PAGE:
By Erica Houskeeper on January 23, 2020
Millions of Americans rely on the Supplemental Nutrition Assistance Program (SNAP)—formerly known as food stamps—to make ends meet. Approximately 20 million households with 40 million individuals used the SNAP program in Fiscal Year 2018, according to the U.S. Department of Agriculture. The Electronic Benefit Transfer (EBT) is a payment system designed to allow recipients of assistance to make necessary purchases of food and goods under SNAP.
EBT, which used in all 50 U.S. states, the District of Columbia, Puerto Rico, the Virgin Islands, and Guam, offers a convenient and secure magstripe card that’s similar to a PIN debit card to make purchases.
For merchants, being able to accept EBT payments offers the opportunity to expand their customer base. Also, processing costs for EBT transactions are significantly lower compared to traditional debit and credit cards.
How to Apply to Accept EBT Cards
The SNAP program is administered by the U.S. Department of Agriculture’s Food and Nutrition Service (FNS). Merchants must obtain a permit to accept SNAP payments. These permits are available to any qualified business that meets criteria and submits an application and documentation. For a business to qualify for a SNAP permit, it must meet at least one of the following criteria:
- A business sells staple foods in the following four categories: dairy, breads, grains, and cereals; fruits and vegetables; and meat, fish, and poultry. At least two of these categories must include perishable foods; or
- One or more staple foods account for over 50 percent of your gross retail sales.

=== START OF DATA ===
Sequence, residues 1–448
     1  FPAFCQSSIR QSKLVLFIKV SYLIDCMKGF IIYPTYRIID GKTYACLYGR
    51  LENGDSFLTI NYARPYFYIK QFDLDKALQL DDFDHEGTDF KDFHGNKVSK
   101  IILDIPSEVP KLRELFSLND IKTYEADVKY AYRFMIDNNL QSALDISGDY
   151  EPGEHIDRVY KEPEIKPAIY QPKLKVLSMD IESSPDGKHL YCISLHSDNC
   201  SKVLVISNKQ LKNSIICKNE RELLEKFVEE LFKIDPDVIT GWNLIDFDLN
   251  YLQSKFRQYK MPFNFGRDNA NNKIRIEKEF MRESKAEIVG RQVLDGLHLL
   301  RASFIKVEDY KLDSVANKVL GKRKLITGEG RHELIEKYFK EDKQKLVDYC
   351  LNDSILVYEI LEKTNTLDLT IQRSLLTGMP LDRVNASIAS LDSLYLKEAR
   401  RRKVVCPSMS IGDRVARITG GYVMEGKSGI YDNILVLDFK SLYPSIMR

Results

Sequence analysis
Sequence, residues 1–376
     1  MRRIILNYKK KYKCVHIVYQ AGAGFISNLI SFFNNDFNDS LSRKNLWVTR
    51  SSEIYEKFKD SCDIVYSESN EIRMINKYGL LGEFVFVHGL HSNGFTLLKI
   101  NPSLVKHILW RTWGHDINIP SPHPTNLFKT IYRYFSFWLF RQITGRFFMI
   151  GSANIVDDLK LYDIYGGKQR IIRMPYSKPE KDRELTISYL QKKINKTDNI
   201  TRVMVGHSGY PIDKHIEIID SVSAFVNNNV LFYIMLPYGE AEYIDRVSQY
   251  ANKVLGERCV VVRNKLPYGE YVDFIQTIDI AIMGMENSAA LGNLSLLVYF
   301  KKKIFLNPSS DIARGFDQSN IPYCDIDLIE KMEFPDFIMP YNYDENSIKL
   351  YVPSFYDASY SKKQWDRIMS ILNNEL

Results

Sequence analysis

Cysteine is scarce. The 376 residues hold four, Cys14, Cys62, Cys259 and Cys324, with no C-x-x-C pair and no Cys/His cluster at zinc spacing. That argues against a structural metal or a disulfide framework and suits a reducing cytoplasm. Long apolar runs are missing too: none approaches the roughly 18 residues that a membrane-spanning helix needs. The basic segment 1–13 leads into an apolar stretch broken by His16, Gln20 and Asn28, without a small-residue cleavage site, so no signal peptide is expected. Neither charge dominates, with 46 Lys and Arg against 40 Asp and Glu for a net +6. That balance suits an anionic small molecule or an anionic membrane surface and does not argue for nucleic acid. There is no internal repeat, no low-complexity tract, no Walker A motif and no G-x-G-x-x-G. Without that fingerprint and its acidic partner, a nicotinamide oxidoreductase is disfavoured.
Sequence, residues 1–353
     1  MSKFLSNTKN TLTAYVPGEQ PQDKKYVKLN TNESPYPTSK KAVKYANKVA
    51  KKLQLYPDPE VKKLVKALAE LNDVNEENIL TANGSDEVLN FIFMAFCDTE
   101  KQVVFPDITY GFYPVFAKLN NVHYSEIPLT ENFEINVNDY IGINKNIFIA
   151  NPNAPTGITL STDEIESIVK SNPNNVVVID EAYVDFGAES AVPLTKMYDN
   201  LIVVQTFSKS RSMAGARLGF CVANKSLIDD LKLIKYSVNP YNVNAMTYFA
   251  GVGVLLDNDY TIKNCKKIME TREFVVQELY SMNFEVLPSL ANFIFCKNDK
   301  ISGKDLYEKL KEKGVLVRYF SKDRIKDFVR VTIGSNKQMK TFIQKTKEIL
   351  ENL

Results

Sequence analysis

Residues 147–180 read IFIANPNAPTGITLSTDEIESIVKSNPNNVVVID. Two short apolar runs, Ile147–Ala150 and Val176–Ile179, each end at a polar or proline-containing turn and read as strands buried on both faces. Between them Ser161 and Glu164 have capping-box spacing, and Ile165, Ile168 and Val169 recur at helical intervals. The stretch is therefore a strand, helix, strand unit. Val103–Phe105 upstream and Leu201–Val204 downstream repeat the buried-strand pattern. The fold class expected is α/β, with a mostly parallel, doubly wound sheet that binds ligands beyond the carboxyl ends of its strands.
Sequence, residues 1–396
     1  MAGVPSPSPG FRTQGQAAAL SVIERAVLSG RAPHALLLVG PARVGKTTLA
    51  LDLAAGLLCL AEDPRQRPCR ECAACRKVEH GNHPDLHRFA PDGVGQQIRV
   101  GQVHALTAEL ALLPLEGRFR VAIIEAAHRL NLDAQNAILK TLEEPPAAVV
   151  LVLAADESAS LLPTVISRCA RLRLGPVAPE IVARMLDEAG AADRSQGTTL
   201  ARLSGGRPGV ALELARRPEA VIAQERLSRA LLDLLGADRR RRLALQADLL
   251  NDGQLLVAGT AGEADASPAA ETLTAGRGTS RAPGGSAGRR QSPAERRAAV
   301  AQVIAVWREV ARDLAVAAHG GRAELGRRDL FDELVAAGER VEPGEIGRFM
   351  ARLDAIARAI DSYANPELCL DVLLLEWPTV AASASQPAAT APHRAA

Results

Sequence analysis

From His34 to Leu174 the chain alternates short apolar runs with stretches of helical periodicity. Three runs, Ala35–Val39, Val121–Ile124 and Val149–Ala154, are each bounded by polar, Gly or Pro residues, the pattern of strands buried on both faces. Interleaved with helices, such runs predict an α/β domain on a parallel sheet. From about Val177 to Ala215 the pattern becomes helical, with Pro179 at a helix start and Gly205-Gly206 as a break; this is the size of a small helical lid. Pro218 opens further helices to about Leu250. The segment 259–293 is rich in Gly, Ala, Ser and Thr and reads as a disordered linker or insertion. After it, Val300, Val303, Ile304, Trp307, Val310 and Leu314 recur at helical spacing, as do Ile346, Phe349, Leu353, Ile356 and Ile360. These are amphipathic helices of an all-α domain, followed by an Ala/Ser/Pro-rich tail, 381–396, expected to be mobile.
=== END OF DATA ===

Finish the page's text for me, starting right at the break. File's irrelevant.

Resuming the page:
When a business completes the registration process and is approved for a SNAP permit, it will be issued a seven-digit FNS Account Number that identifies the business as an FNS-approved store. There are also special rules that apply to SNAP payments that business owners should be familiar with, including:
- EBT payments are for SNAP-approved food items only
- No cashback
- No cash refunds
- A customer must present an EBT card and enter their PIN at the time of payment
Most grocery stores and restaurants must purchase their own processing equipment or obtain it from their merchant account provider. However, some entities, such as farmers’ markets, treatment services, and non-profit food buying cooperatives, are eligible for free processing equipment that’s provided through the FNS.
Payment Processing Hardware for EBT Payments
Once merchants have a permit approved for EBT payments, they need to acquire and set up the appropriate processing hardware. Most popular terminals are compatible with EBT payments, but it’s important to be aware of specific requirements.
PIN Pad: A payment terminal must accept PIN debit transactions and feature a dedicated PIN pad for customers to input their PINs. The PIN pad can be either a stand-alone unit or integrated directly into the terminal.
Programming: A payment terminal and PIN pad must be programmed with a merchant account provider’s encryption keys. If equipment was purchased directly from an account provider, this should be all set ahead of time. But for merchants who are changing providers or adding EBT capability to pre-existing equipment, they will need to have their terminal re-programmed before accepting payments.
What are Processing Fees for EBT Payments?
Since the EBT program is government-sponsored, the costs for processing EBT transactions are much lower than they are for traditional debit or credit card transactions. While there are no interchange or PIN debit fees for EBT transactions, keep in mind that a merchant account provider has the right to charge a reasonable fee for processing such transactions.
EBT for merchants is a fairly straightforward process. The choice to accept EBT card payments can increase a merchant’s customer base, improve cash flow, and help people in need. If you'd like to find out how to get started, our payment professionals are standing by to walk you through the process. Give us a call today.